The Science Behind Thinklytic

Sticky Post January 15, 2019 Joel Davies 0 Comments

Thinklytic combines the latest research in cognitive neuroscience, psychology, and data science to revolutionise the way that organisations make hiring decisions. Thinklytic was originally conceived by a number of top academic scientists at the University of New South Wales, Sydney – the no.1 ranked university for neuroscience and psychology in the southern hemisphere. These scientists combined two decades of research conducted by UNSW with the best research from hundreds of other university labs around the world. Thus, Thinklytic is the amalgamation of everything that our best scientists know about how to measure human potential and predict person-job fit.

The science behind Thinklytic can effectively be broken down into two key components: the measures and the prediction algorithms. As you’ll see, it is innovation in both these domains that makes Thinklytic so revolutionary.

The Measures

Over the last century, scientists have been studying how best to measure the human mind. For many years, scientists were able to make some headway with measuring basic traits like intelligence and personality type. However, many of these measures were blunt tools that lacked precision and were subject to considerable bias.

In recent years, breakthroughs have emerged from the field of cognitive neuroscience that have dramatically increased our ability to accurately measure the traits and abilities that make a person who they are. New breakthroughs in cognitive neuroscience are occurring almost daily. Much of this research involves the use of computerised tasks that participants complete while inside brain scanners. These computerised tasks have been refined over time to measure specific traits with incredible precision. The most accurate and relevant tasks from this research have been adapted into Thinklytic by adding gamification elements to make them as engaging as possible.

In addition to neuroscience-based games, Thinklytic also leverages the last research from the field of psychometrics to measure key traits and abilities that games can not yet measure reliably. For example, the Emotional Quizzes utilise a methodology known as the Situational Judgment Test to measure Emotional Intelligence. These were developed in line with best practices established by thousands of emotional intelligence studies that have adopted the same approach to measurement.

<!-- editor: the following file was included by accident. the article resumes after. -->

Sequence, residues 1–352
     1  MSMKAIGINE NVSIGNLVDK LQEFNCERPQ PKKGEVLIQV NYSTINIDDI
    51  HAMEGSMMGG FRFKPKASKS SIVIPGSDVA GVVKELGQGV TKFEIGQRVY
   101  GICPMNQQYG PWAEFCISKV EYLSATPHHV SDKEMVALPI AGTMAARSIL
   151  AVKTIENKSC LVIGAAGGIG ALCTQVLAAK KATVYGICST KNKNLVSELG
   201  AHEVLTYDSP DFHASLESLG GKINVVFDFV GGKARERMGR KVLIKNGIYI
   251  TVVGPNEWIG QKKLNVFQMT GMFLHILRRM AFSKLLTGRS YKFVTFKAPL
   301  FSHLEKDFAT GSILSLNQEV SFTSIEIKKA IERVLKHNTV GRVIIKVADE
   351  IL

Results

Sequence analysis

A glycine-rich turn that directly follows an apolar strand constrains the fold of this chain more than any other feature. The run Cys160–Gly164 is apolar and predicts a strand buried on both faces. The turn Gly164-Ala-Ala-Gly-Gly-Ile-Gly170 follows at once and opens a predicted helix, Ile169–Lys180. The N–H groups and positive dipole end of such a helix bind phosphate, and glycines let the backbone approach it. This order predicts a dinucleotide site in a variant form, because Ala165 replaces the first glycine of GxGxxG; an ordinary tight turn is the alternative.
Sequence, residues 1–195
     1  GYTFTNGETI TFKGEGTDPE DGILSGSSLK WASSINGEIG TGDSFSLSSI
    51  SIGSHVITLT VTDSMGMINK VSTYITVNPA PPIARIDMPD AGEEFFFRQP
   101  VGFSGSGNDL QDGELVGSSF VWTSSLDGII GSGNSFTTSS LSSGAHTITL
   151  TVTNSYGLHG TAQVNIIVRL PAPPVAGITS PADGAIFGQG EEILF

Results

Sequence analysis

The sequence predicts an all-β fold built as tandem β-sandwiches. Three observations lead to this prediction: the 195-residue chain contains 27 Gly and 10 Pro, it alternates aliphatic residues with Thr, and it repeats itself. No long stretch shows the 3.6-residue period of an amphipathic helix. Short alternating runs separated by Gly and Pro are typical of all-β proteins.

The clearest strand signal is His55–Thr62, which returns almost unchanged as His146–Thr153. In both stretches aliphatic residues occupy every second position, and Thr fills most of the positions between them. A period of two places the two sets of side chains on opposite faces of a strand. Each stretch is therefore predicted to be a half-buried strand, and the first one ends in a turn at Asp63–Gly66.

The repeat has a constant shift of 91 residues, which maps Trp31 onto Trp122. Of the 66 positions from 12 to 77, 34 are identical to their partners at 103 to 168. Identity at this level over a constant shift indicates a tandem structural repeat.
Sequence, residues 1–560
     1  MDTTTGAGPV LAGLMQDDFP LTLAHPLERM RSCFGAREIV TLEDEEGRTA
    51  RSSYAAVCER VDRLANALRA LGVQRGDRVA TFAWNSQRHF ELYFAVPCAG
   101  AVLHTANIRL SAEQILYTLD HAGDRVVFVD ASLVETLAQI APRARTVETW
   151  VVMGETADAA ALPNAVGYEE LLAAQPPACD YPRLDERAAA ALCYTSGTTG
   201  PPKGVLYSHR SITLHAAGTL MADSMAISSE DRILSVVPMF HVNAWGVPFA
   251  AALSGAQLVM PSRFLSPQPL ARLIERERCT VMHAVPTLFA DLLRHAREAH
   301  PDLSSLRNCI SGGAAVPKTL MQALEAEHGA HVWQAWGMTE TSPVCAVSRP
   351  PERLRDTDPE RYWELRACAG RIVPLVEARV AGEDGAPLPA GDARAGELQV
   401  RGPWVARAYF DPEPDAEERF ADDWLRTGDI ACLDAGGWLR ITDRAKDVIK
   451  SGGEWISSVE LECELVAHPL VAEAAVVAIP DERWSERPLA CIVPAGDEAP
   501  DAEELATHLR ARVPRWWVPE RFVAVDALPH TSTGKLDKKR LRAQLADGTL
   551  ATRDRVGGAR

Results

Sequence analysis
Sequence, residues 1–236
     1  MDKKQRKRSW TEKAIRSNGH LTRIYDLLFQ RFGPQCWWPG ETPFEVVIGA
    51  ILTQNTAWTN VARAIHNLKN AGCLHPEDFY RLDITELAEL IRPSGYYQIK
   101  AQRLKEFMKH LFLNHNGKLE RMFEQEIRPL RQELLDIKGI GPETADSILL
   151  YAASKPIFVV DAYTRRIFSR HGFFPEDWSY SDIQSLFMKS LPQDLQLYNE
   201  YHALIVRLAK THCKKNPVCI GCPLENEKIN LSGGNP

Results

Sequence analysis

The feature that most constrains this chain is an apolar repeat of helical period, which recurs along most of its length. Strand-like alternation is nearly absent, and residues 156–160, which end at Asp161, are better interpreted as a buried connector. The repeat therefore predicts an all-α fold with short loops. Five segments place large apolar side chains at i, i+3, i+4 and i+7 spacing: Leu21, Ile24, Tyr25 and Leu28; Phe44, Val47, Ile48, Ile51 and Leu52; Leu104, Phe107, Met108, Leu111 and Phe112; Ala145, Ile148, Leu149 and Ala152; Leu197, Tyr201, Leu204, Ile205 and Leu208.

Thinklytic measures 22 traits and abilities. Data from all of the games and quizzes is converted into percentile scores for each trait and abilities continuum. These percentile scores are calculated by comparing data on each continuum to data of a comparable population. Is this way, one can determine how the candidate compares to all other similar people who have completed the assessment previously. However, the Thinklytic platform collects much more than 22 sources of information. In fact, our platform captures over 400 different data points from every candidate to be included in our prediction algorithms.

The Prediction Algorithms

The Thinklytic prediction algorithms provide information about which candidates are most likely to be high performers in a particular role. For the last 50 years, traditional psychometric assessments (e.g. IQ tests and personality tests) have been validated by (1) administering the assessment to a large group of people in an organisation, (2) collecting job performance data for each person, and then (3) correlating scores on the assessment with job performance data at a later date. This approach has been published in many scientific papers and is the accepted method of determining whether an assessment predicts future performance. However, this approach has a number of very serious limitations, such as a built-in assumption that all job roles require the same traits, a reliance on a very small amount of data to make predictions, an assumption that a higher score on a measure is always better, and a failure to account for interactions between different measures.

In recent years, new breakthroughs in data science have emerged that allow the traditional approach prediction to be dramatically improved. A host of different machine learning algorithms have now been developed that significantly improve the prediction of job performance. This is achieved by accounting for non-linear trends, allowing much more information to be included in assessments and enabling much more complex interactions between data sources to be accounted for. Thinklytic uses a combination of these machine learning algorithms to predict job performance for specific roles. It does this by (1) administering the assessment to a large group of people in an organisation or job role (2) collecting job performance data for each person, and then (3) applying the machine learning algorithm to the data to predict job performance from the assessment data.

A unique property of the machine learning algorithms that Thinklytic employs is they allow prediction scores to be generated from new individual cases. This means that every person who completes the assessment can be assigned a suitability score based on how well their data matches high performers who have completed the assessment previously. Until recently, this was impossible. It means that a single score can accurately represent all the data from the assessment, significantly reducing the level of human interpretation required to make hiring decisions. 

The science behind Thinklytic is vast and comprehensive. It is based on the best research and technology that is available today. We are passionate about science and would be more than happy to answer any specific questions about the science underlying our platform. We’d love to hear from you. Just email us at hello@thinklytic.com to find out more.